From the Catholic Enclyclopedia at New Advent, the entry on Josephus, Flavius:
Jewish historian, born A.D. 37, at Jerusalem; died about 101. He belonged to a distinguished priestly family, whose paternal ancestors he himself traces back five generations; his mother's family claimed descent from the Machabeans. He received a good education, and association with distinguished scholars developed his intellectual gifts, more especially his memory and power of judgment. He also made himself fully acquainted with and tried the leading politico-religious Jewish parties of his age -- the Essenes, Pharisees, and Sadducees.
Impressed by the outward importance of the Pharisees and hoping to secure through them a position of influence, he attached himself to their party at the age of nineteen, although he shared neither their religious nor political views.
I have been trying to get a handle on Josephus. It would help if I had more time to spend reading his works and his life. I get an impression from the above that he was not deeply religious, but rather looked at what would provide the best situation in life for him. Would this make his history less biased and more reliable, do you think? (Of course, now that I think of it, "less biased" toward what?!) Have any of you formed an idea as to whether his history is considered a good source to depend upon?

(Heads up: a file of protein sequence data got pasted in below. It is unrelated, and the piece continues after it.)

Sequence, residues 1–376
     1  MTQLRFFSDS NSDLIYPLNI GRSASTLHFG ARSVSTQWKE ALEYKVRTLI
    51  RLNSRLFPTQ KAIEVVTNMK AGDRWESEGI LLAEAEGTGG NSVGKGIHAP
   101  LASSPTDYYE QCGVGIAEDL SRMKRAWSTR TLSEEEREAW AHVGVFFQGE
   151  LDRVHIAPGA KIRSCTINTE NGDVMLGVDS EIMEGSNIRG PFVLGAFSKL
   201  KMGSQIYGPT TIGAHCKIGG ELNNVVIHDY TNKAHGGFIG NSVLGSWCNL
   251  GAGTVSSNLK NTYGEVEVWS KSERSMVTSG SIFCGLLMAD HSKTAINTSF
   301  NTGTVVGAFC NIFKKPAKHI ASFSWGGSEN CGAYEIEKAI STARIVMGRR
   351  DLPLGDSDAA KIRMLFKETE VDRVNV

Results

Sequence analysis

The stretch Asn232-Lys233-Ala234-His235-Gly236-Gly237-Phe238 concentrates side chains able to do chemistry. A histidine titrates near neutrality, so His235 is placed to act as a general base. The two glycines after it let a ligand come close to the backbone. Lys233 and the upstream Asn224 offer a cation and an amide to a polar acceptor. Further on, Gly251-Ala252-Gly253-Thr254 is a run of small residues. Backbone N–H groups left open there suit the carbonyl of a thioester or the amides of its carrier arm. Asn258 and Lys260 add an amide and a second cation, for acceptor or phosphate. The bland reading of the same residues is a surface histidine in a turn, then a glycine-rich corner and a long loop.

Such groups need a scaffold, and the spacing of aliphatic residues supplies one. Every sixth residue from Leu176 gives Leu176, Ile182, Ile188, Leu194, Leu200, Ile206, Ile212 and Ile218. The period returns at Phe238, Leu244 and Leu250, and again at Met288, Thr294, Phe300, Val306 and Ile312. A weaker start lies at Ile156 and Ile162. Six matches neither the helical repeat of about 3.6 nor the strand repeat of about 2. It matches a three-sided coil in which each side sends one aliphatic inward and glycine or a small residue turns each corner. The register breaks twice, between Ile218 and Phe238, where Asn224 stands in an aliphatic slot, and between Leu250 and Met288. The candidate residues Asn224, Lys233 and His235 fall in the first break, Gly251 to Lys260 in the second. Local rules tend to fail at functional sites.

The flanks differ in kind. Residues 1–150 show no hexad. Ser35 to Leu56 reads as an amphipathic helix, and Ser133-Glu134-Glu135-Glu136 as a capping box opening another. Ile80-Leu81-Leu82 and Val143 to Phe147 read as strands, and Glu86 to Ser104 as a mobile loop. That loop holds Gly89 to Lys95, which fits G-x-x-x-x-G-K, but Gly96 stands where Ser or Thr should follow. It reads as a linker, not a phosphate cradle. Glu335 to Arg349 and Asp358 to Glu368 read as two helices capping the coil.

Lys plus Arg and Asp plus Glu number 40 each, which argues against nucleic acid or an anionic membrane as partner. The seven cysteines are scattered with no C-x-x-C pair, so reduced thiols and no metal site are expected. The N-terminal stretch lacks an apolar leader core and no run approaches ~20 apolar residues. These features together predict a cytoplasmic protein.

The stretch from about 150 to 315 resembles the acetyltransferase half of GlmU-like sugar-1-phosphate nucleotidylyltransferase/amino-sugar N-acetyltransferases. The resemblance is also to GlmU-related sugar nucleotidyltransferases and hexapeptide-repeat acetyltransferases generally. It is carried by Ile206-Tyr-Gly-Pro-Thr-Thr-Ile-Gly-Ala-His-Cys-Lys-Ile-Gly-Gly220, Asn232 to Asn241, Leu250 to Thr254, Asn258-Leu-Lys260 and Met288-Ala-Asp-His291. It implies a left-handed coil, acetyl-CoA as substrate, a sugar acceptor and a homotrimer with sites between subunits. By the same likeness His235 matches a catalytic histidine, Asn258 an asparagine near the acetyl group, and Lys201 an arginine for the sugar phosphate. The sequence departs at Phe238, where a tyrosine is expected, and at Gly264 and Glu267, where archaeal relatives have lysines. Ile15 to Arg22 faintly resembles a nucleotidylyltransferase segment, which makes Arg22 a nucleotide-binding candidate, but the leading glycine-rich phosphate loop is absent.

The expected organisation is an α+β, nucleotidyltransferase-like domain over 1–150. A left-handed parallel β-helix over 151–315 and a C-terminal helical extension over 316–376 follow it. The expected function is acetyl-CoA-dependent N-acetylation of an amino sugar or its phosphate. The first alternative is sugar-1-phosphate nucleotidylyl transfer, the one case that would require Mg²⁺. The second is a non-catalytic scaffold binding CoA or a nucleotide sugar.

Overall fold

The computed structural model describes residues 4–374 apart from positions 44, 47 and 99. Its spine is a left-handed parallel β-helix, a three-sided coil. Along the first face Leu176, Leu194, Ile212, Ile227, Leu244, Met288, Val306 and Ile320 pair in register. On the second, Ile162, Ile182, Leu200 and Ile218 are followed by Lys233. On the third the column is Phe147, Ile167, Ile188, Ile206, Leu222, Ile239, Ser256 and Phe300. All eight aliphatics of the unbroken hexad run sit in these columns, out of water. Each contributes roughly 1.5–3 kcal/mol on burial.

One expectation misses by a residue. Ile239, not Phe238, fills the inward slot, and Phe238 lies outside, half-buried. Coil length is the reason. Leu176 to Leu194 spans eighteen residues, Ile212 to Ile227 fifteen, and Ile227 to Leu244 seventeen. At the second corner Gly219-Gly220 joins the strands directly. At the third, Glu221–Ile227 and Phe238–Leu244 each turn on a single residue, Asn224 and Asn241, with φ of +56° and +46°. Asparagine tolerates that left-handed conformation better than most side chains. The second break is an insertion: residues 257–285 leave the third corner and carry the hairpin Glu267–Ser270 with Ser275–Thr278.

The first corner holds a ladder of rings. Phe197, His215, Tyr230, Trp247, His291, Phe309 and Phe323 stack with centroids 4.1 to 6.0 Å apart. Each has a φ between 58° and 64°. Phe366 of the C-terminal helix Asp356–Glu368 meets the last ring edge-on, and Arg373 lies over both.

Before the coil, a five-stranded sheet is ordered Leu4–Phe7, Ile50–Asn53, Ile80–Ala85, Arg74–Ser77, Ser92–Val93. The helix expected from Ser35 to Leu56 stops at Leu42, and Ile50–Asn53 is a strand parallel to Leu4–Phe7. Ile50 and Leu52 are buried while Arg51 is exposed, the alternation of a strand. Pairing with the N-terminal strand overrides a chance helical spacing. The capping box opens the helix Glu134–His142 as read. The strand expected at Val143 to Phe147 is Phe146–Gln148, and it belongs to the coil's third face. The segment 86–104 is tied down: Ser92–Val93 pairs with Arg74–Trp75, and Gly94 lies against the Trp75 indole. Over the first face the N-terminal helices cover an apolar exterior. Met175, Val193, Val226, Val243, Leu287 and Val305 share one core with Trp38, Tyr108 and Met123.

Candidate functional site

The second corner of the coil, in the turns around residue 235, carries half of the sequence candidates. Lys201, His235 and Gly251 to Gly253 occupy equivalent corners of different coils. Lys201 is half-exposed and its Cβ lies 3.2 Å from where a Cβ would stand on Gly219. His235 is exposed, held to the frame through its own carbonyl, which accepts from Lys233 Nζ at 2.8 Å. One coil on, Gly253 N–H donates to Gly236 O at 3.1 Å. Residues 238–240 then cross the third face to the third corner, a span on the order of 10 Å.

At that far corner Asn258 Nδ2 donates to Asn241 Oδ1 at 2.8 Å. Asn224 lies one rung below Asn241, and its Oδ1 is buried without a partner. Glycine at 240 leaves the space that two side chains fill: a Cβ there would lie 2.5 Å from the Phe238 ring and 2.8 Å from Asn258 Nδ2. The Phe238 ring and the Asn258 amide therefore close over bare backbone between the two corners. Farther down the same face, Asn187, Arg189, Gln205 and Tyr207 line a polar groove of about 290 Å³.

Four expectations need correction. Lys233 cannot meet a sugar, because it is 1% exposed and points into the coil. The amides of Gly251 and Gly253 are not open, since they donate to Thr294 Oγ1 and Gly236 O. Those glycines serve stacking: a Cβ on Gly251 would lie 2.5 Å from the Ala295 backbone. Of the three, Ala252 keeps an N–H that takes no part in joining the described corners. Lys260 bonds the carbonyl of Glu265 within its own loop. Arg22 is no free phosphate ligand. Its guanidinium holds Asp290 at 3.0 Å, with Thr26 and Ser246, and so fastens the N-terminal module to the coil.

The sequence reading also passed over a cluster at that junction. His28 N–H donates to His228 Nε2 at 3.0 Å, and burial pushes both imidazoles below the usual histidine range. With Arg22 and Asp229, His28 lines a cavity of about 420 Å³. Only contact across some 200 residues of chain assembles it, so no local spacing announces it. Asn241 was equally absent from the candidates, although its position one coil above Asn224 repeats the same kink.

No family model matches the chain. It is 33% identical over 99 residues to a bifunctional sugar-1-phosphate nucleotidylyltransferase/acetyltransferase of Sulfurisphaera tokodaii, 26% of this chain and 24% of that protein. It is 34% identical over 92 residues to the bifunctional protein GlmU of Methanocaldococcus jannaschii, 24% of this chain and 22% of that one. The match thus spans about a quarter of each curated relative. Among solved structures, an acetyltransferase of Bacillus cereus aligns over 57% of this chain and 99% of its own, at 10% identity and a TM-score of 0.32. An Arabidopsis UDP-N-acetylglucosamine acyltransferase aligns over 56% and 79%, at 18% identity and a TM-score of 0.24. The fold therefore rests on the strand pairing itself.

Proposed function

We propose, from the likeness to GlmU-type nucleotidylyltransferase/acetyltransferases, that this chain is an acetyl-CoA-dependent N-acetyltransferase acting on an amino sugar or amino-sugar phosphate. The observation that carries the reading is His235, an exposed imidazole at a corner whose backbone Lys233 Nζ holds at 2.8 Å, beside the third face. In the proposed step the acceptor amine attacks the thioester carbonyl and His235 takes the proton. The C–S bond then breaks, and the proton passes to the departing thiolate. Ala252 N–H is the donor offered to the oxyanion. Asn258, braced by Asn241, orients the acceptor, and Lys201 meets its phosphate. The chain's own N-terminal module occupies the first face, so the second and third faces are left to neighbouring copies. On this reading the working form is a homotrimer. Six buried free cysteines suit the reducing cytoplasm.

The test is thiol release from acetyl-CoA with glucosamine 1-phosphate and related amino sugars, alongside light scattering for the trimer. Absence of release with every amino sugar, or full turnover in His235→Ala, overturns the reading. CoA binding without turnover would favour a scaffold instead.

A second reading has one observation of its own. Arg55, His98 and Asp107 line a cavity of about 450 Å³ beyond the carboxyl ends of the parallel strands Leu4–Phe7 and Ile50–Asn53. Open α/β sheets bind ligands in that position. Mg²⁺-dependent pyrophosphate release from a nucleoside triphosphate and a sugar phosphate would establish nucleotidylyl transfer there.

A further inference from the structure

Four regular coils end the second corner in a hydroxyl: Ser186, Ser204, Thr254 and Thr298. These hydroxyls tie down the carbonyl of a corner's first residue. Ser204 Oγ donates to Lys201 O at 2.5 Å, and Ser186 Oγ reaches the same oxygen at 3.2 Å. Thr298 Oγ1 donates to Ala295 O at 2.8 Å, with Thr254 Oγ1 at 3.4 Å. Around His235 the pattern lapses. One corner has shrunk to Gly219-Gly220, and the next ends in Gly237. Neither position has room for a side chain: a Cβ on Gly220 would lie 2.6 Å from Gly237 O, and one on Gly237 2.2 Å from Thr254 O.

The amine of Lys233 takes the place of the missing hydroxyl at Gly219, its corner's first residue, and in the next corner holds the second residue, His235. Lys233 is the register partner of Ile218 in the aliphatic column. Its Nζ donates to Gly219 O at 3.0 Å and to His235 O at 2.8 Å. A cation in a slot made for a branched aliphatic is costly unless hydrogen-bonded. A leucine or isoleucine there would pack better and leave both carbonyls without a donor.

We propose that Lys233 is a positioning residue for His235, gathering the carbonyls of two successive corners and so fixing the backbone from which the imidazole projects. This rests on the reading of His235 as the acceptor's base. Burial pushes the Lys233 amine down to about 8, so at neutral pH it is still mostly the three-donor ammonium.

I have been all over the map with my reading, but find that more and more I am interested in non-fiction, particularly history and religion. Since I am new to Josephus, I will probably ask ignorant questions, but how else can I shed my ignorance?
Edited to add: I did a search at lds.org and found that Josephus has been occasionally quoted throughout the years and the quotes are always treated as a very reliable history. It's been several years since the last quote I could find, though, so what I am asking is have there been any recent findings that seem to question the authenticity of Josephus, or that find him authentic, but of questionable reliability? I am continuing to look around on the internet, but if any of you have studied Josephus, I thought you might give me a hint or two. Thanks!
Labels: history, Josephus